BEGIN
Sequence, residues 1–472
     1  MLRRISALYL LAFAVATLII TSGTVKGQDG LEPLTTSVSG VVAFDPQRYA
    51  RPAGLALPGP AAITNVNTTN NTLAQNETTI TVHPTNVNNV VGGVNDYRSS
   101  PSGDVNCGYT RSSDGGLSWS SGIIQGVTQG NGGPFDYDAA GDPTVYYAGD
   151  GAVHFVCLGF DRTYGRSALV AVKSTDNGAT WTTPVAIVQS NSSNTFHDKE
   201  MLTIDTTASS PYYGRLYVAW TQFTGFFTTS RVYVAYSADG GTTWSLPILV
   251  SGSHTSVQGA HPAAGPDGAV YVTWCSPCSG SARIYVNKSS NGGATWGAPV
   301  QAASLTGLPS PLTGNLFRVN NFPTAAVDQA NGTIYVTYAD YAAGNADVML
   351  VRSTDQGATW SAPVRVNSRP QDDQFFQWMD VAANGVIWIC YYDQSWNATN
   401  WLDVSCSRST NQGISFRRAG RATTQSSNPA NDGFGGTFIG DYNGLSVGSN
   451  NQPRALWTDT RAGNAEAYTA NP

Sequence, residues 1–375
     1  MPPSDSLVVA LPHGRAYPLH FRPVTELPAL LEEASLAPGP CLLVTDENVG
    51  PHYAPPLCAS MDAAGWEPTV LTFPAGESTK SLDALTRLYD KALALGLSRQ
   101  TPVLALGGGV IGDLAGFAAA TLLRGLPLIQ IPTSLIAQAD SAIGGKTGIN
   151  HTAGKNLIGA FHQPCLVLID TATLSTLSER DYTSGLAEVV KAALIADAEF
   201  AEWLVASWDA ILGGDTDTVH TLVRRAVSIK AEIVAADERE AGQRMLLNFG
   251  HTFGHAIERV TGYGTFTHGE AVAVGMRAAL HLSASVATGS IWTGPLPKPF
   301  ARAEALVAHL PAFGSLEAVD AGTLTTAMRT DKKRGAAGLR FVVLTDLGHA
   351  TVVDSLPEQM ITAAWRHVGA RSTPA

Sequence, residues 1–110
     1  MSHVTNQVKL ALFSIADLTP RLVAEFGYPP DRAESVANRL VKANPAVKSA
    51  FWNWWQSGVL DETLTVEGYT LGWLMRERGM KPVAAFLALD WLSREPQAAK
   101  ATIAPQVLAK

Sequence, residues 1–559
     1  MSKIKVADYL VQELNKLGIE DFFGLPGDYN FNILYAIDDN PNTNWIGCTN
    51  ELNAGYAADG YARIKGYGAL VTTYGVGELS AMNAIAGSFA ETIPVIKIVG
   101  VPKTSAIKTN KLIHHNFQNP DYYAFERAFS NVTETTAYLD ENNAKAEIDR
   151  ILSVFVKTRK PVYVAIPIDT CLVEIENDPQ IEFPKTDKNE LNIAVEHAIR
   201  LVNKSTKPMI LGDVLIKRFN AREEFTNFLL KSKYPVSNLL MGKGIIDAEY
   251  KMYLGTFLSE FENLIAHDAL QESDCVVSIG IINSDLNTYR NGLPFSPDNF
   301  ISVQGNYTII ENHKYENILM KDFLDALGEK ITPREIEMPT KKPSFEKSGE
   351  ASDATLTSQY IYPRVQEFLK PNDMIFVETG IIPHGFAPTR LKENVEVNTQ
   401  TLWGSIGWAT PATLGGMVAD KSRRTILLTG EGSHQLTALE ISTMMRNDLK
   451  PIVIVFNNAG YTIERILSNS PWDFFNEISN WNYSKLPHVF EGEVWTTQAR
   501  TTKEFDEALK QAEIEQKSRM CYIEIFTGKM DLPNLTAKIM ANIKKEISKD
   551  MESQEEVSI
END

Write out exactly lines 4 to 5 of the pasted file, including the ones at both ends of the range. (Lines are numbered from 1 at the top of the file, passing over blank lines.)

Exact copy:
   101  PSGDVNCGYT RSSDGGLSWS SGIIQGVTQG NGGPFDYDAA GDPTVYYAGD
   151  GAVHFVCLGF DRTYGRSALV AVKSTDNGAT WTTPVAIVQS NSSNTFHDKE